Creating Better Skills

Summer Camp ArcheryWhatever your child's interest, it is likely that you can find a summer program that explores that interest in depth. Summer programs explore areas like music, computers, art, entrepreneurship, photography, chess, and many others. Those who want to devote their time to almost any sport can find a program to fill their days. Some sports camps are even more narrowly focused, you may find a basketball camp just for point guards, a softball camp just for pitchers, or a soccer camp exclusively for goalies.


Sports Camp

If your child wants to spend the summer improving his skills, then a sports camp could be just the answer. You can find day camps and residential programs for almost any sport that you name. If your child hopes to make a selective traveling team or to move up to varsity level, then a summer at sports camp may help attain that goal. If your child is an exceptional athlete, sports camps are good for networking. College coaches often scout for talent at these programs, and some even run their own sports camps. If your child is less skilled but has a love for the game, they may enjoy being at a sports camp surrounded by similar enthusiasts.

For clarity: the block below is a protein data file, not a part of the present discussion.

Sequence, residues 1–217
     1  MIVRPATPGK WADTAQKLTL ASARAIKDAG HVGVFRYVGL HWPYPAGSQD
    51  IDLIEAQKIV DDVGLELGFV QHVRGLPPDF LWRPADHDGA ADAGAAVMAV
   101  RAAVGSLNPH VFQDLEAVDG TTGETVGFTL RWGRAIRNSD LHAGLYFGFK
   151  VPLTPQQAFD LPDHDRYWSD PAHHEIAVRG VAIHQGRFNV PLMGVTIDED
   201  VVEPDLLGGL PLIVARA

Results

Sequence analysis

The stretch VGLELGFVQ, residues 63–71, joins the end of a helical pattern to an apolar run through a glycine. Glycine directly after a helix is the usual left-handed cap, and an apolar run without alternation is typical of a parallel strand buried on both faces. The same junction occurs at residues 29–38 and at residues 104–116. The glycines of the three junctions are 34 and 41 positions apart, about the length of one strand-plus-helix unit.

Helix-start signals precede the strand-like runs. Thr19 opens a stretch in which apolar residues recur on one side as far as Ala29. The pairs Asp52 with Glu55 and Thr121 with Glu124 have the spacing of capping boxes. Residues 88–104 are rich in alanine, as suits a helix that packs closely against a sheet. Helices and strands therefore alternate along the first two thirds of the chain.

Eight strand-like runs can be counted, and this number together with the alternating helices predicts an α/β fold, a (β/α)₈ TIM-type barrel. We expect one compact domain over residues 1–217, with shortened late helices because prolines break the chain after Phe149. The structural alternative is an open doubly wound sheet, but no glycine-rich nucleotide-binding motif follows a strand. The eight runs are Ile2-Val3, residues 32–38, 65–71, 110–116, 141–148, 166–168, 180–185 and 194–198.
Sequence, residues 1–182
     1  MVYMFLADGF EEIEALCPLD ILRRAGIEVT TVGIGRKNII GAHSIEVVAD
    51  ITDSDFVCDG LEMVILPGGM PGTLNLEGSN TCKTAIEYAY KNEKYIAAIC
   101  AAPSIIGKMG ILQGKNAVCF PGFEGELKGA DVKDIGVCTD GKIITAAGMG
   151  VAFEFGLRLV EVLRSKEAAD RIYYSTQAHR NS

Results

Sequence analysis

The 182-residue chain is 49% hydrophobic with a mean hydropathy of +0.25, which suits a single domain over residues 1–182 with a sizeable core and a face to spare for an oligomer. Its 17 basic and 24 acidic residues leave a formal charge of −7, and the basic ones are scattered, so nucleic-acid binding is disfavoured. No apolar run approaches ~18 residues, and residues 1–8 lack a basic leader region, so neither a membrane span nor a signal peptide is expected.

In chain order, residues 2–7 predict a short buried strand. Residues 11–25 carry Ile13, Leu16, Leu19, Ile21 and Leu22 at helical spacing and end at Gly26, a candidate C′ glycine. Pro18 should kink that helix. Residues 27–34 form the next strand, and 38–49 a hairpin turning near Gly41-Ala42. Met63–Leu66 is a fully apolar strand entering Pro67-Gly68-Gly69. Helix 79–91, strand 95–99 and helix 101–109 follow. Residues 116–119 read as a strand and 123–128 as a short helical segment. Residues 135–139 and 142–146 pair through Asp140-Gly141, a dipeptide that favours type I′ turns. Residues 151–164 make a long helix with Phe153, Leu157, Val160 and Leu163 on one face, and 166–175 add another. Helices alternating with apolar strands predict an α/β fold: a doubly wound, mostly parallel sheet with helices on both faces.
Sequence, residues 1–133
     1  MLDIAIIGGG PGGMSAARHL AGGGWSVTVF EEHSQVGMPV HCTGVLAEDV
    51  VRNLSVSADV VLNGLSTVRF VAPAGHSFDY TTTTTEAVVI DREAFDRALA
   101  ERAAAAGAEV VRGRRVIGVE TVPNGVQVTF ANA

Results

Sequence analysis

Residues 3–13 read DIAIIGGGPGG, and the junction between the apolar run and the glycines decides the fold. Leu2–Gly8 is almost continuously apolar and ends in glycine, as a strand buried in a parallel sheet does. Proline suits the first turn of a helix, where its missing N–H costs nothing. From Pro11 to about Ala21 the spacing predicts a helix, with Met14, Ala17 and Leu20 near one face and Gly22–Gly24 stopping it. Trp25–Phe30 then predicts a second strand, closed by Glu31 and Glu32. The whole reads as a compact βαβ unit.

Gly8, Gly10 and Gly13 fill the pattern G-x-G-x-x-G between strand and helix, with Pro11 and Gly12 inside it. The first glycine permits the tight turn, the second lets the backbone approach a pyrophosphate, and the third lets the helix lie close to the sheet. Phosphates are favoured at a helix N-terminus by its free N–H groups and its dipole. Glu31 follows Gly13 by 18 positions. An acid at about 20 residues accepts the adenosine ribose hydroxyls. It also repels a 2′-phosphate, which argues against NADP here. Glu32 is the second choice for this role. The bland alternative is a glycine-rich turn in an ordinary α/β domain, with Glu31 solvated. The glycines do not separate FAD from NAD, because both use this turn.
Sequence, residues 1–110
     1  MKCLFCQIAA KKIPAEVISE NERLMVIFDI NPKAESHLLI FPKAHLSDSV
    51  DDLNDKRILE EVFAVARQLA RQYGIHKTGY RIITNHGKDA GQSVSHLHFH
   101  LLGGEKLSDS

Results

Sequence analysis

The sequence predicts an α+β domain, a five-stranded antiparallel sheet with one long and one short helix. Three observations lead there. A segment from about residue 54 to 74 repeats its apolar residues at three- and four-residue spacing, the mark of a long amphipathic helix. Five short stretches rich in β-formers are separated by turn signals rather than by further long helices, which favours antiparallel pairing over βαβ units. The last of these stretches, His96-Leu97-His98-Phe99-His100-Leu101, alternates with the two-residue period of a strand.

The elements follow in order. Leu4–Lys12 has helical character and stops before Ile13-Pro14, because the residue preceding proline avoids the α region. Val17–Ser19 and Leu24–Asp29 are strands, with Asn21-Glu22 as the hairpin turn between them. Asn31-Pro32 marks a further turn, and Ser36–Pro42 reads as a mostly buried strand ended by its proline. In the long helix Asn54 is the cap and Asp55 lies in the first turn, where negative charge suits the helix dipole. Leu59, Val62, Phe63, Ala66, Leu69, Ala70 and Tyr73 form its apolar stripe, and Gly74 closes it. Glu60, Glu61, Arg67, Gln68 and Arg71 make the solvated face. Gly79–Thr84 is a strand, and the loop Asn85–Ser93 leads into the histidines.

What a Sports Camp Is and Isn't

Before you chose to enroll your child in a sports camp, both of you need to understand the limited focus of the program. Whatever sport you choose, both you and your child need to understand that the day at a sports camp is build around playing it. Any free time is limited, and it is generally up to the camper whether he takes advantage of any of the other facilities, like a pool or a basketball court, that are located on the property.